Triggered was how I felt-to say the least- this past Monday when one of my Twitter followers retweeted this Spectator Index tweet to my timeline. I was vexed from within because if I think about the amount I’ve had to shell out every month to cover my phone bills here, and my corresponding usage, it doesn’t make sense at all that I pay that much. To think that a year ago in Nigeria, I was paying 2.2USD per GB for its 12USD equivalent in Canada now.
Honestly, my current phone plan right now na how them take get me for this Canada. In English- Getting a phone in Canada has been one of the ways I’ve been roped into paying monthly for something I don’t fully optimize and didn’t do my research on before committing to it.
Now to the genesis of this matter. It began when I arrived Ontario early last year, I was living with my hosts (who I wrote about here and here) and I was also job hunting. Because of my job applications, I had to quickly get a local phone line with data to add on my CV so potential employers could reach me for job opportunities. I remember that I had read a few articles about the expensive phone plans in Canada, but I didn’t remember the details of it. When I mentioned this fear to my hosts, they told me all the plans are the same, and I should just choose one. I have now come to know that while they were correct about the big phone companies having similar phone plans, there are smaller, prepaid, bring-your-phone plans that are by far cheaper and have more flexible monthly plans. Any-who, I followed them to the store, as a JJC in this Canada, and ended up committing to a two year, post-paid plan contract plan with a fixed monthly fee of $120 plus taxes. That’s roughly NGN 34,000 every month. The funny thing with this fixed plan is, if I incur any costs outside the plan- like calling outside Canada or leaving a message on a local landline, I receive additional charges on top of my fixed plan. Also, the sales person at the store on the day I was purchasing the phone really profiled me mehn. I went into the store, planning to use my Naija phone to activate a Canadian sim card, but after the sales person told me about this $0 brand new Samsung phone, I quickly agreed to the plan. When my full contract arrived a couple of weeks later, was when I realized say, awoof dey run belle true true. The beautiful Samsung phone technically wasn’t sold to me free of charge. There actually is a device fee that is tied to my two year contract that slowly reduces every month when I pay my monthly bills on time. If at any point during this 2 year contract period, I decided to opt out, I have to pay the outstanding device balance on the phone separate from my monthly phone bill.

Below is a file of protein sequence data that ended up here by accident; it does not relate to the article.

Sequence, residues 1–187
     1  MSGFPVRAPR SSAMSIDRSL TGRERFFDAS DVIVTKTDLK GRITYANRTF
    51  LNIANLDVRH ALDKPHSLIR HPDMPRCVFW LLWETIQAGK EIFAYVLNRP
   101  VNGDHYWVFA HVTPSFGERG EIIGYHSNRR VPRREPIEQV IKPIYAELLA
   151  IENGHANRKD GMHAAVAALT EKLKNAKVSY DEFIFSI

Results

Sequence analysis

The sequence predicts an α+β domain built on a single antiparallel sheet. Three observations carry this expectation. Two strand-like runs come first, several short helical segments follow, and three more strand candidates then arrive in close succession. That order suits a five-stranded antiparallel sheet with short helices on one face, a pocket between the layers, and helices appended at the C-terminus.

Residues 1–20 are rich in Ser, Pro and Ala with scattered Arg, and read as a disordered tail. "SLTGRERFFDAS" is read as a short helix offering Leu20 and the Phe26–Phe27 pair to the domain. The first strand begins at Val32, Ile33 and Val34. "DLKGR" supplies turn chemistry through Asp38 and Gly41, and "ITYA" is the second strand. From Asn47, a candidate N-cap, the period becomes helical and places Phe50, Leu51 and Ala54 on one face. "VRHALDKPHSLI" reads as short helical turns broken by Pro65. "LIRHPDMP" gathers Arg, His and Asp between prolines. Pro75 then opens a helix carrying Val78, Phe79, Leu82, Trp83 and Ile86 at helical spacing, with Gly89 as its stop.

It’s only now that I’ve had time to check out other phone companies and phone plans that I realize I didn’t even get the best contract, post paid plan. A friend’s brother has a similar plan like I do and he pays $75 monthly. He was able to get the plan because his friend who has a decent credit history purchased the phone on his behalf. Whereas, I had a non-existent credit history when I first arrived and even had to pay a separate security deposit amount before the phone line was given to me. In terms of optimization, this $120 plan is a huge reminder of something that I pay for, but hardly use. This plan is applicable only within Canada and I don’t know enough people here to call regularly. I cannot call the US, Nigeria or anywhere else for that matter free of charge, so all my family and friends I call via Skype or Whats App. Though the plan comes with a 5GB data plan, my landlord currently provides unlimited WiFi in my rental and there’s unlimited WiFi at school as well. So, at the end of every month, I barely use my 5GB plan. In fact sometimes, out of annoyance, I’ll turn off my WiFi and stream Netflix movies on my phone to use up some of the data… Loooooooooool… Imagine my current problem now?
So if like me, you are considering purchasing a phone line when you arrive Canada, my recommendation is you ask around and research several phone companies before picking up a line. A lot of these companies charge for add-on services, and you will hear things like paying extra for calls you receive outside your province of residence, or paying extra to leave a voice message on an out-of-province phone. Please don’t end up like me, counting down to the middle of 2020 for my contract expiration date, and more freedom then to choose a phone plan that actually works for my lifestyle here.